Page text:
How to write an unplanned sequel

Kat O’Keeffe

This is the first sequel you’ve written. What was that sequel-writing process like? Did you have to reread the book and really get in there?

Rainbow Rowell

It was different. I had to reread the book. And also, when you’re writing a book, for me, you don’t really plan out — some people think I’ve got everything planned out, every character plotted, but for me, I write what I need. I’m just grabbing stuff and throwing it in there. And when you write a sequel, you have to reckon with that.

The thing I really had to reckon with were the dates and how old everyone was. Because I’d made references like, “Oh, in fifth year this happened, and in third year when I was 10, and blah blah blah.” I actually had to hire someone to go through the books, someone who’s very mathematically minded, and plot out possible birthdays for each character, so now I have birthdays for them.

That was kind of a mess, frankly. Because it wasn’t built into the foundation.

Kat O’Keeffe

Oh, like, characters couldn’t have birthdays during this part of the story, because why wouldn’t they celebrate them?

Rainbow Rowell

That was another thing people say: “Baz couldn’t have been born this day because there would have been a birthday party.” I’m like, “Really?”

Kat O’Keeffe

Okay, tell me that Baz’s birthday was not when he was kidnapped. I just need to know that he wasn’t imprisoned on his birthday.

Rainbow Rowell

But I wouldn’t even know! It’s not like there’s ever been a birthday party in any of my books. They’re like, “Baz definitely would have taken Simon out during his birthday.” I’m like, “At what point during the trauma and grieving process was that going to happen?”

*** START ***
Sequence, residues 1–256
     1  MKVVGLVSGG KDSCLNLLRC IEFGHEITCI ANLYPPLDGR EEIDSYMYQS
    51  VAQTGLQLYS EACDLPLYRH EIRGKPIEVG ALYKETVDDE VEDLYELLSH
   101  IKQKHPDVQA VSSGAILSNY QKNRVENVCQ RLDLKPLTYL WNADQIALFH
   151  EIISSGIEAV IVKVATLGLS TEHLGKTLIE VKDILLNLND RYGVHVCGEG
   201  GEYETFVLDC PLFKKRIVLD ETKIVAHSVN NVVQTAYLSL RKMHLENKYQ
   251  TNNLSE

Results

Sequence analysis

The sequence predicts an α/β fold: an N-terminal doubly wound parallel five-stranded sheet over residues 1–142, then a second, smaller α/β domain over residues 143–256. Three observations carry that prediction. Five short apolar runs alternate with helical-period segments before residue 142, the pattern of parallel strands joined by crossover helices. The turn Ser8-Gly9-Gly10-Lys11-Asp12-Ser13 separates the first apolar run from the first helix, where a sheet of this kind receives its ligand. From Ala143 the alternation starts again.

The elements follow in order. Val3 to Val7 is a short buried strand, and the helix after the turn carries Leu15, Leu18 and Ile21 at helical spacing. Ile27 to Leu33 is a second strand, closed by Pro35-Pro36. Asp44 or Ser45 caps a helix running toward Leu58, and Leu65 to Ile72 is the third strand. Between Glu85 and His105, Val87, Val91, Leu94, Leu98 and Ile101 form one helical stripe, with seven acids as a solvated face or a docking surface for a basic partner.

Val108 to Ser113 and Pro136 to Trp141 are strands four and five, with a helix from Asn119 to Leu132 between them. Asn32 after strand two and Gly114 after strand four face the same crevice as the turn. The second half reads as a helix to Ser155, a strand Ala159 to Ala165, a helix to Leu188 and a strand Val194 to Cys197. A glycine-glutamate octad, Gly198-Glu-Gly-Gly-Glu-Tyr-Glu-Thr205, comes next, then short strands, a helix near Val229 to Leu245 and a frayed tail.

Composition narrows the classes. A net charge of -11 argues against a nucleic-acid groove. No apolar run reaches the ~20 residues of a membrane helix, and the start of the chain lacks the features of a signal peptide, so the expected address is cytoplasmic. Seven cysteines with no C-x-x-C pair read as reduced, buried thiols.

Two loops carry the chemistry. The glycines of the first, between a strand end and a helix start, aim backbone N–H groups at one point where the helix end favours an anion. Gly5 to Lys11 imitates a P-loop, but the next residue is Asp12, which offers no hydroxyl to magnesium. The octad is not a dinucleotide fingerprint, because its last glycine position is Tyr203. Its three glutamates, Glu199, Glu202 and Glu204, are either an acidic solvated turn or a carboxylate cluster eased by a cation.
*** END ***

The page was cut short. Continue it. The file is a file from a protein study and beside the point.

The weirdest thing was that people are not normally invested in what I write when I’m writing it. I can tweet all day long about my next book and nobody cares, but if I tweet about Baz and Simon it’s different because people care about them already. Which I’m very grateful for. But the responsibility of it is heavy.

And the ownership feels different. Because once you write a book, it doesn’t belong to you, frankly. It belongs to anyone who picks it up, and they can do whatever they like with it.

So what does that mean for a series? It still kind of belongs to me, because I’m still in it. But people tell me all the time, “Don’t do this to my baby,” and I’m like, “Oh, I thought he was mine! Okay, shared custody.”

Kat O’Keeffe

Was that on your mind a lot while you were drafting, or did you have to not think about it?

Rainbow Rowell

You cannot think about it. Because if you think about all your potential readers — in anything you write, I think — you’ll try to write to every single person. And as soon as you start trying to make them happy, you’re in terrible writing land.

I know that from my years as a columnist. I was a newspaper columnist, and I had to make six different editors happy every time. But you can’t tell a joke that six different people find funny. You can’t create a character that six different people love equally.

For me, it ruins me, so I have to not think about it at all.

On writing fantasy after a career of writing realism

Rainbow Rowell